By New Times
By Connor Radnovich
By Robrt L. Pela and Amy Silverman
By Ray Stern
By Keegan Hamilton
By Matthew Hendley
By Monica Alonzo
By Monica Alonzo
Sheriff Joe Arpaio loves to point out that his fame has spread beyond the United States, but increasingly, that international scrutiny is less than complimentary.
New Times earlier described a London magazine cover story which ridiculed "the Lion of Metz" for his self-promoting (Arpaio brags that he served in the military during the Korean War; he's less apt to add that he spent his time not actually in Korea but in Metz, France).
The latest to scrutinize Arpaio is German television. In a documentary produced by ARD, one of the country's oldest networks, Arpaio is portrayed as a small-minded man who uses medieval methods of imprisonment for the sake of publicity.
The 30-minute program opens with the early-morning rousting of a female chain gang, the Arpaio innovation that has brought journalists flocking from around the world. It's followed by Arpaio giving his standard checklist of jail deprivations--no coffee, girlie magazines, etc.--while walking in Tent City.
When an inmate asks why they can't have a basketball court, Arpaio answers that he doesn't give them such things because he doesn't want to. "I'm the one who calls the shots in here," Arpaio barks.
(In two sworn depositions that Arpaio has had to endure in lawsuits against his office--one by an inmate, one by a former employee--Arpaio has displayed a much different attitude, saying that he's a hands-off administrator who lets his staff make most of his policy decisions.)
The crew later followed him to an appearance at KFYI radio. A listener asked Arpaio about Richard Post, the paraplegic who New Timesreported was treated so roughly by detention officers that his single night in jail left Post with a broken neck. Arpaio dismissed her call, saying that his officers did nothing wrong, but the German crew did what no local TV news organization has: It let Post tell his story.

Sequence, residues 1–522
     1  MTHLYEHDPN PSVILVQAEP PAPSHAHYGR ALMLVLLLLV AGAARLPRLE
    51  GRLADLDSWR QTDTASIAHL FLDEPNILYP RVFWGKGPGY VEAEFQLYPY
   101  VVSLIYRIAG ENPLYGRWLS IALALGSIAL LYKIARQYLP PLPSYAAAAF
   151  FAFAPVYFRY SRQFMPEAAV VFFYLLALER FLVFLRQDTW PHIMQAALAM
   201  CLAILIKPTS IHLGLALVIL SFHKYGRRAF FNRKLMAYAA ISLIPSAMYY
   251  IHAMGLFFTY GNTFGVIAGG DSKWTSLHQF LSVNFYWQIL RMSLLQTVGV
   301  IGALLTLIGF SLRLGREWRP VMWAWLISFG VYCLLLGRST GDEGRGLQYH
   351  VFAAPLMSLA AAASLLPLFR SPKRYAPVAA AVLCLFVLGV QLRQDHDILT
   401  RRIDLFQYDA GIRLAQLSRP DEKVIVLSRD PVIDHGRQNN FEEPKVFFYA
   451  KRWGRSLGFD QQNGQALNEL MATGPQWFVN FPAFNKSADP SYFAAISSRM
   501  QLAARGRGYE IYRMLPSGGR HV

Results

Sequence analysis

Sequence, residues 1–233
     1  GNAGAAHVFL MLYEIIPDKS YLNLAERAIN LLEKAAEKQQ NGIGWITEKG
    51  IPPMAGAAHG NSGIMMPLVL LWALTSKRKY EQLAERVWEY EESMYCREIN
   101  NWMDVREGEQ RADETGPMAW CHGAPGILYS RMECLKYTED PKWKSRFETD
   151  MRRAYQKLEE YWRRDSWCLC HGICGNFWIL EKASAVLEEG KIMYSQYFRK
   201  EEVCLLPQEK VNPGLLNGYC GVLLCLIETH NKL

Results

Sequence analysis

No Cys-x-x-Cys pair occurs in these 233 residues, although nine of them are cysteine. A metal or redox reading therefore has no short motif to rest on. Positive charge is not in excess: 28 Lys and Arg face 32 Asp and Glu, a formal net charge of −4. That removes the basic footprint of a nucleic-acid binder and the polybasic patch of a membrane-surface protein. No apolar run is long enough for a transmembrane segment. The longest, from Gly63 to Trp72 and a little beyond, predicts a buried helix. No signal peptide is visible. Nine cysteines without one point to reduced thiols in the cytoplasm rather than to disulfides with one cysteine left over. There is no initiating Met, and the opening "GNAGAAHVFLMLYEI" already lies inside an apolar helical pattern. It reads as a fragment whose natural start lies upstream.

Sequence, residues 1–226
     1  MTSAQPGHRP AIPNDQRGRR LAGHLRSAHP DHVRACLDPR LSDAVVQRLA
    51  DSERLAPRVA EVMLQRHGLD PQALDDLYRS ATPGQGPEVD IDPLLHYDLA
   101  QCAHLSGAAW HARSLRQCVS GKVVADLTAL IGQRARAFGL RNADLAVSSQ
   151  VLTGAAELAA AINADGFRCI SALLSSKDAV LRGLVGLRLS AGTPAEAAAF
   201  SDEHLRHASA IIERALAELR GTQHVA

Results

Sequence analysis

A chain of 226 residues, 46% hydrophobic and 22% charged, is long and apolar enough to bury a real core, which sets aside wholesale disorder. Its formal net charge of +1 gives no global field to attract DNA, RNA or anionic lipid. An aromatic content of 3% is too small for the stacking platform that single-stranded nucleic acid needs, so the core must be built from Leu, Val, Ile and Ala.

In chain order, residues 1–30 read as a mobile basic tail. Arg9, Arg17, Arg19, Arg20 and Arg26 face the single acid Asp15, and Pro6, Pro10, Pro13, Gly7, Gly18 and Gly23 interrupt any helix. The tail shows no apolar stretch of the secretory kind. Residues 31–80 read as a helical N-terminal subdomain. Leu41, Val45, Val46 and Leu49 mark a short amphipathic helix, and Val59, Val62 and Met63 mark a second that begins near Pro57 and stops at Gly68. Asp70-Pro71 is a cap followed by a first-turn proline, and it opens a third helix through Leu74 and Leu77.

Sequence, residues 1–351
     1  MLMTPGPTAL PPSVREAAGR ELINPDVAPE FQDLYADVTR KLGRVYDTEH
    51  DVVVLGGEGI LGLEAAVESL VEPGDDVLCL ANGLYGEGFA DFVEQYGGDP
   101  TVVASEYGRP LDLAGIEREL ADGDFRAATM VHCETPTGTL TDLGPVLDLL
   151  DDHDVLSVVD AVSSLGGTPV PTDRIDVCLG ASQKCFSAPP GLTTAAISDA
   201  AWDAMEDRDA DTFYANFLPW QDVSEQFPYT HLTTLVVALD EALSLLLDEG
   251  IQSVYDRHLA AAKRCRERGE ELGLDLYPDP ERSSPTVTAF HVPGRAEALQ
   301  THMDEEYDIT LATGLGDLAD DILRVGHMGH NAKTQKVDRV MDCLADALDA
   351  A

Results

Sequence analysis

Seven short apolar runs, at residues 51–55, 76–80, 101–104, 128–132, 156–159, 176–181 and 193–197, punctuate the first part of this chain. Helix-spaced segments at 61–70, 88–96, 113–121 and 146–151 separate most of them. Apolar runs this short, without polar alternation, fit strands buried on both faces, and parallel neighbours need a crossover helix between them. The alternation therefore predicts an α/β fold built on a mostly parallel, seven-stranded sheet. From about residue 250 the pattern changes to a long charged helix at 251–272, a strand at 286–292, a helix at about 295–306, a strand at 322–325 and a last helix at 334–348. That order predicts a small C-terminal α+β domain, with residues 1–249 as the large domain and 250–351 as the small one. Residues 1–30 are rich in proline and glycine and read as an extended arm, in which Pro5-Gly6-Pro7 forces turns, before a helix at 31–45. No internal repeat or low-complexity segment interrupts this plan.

Following Post's account of his treatment, the crew revisited the female chain gang, and the narrator remarked how surprising it was that such medieval techniques existed in a prosperous city.
The crew then followed Arpaio to another chain-gang operation and caught him contradicting himself. Arpaio had admitted earlier that he had had to cancel the male chain-gang program following the November 17 Tent City riots.
But when two of the women on his chain gang complained that they were pawns in Arpaio's publicity campaign, Arpaio answered that he operated female chain gangs to avoid discrimination. He made men work on chain gangs, he told the women, so he had to make women submit to it as well.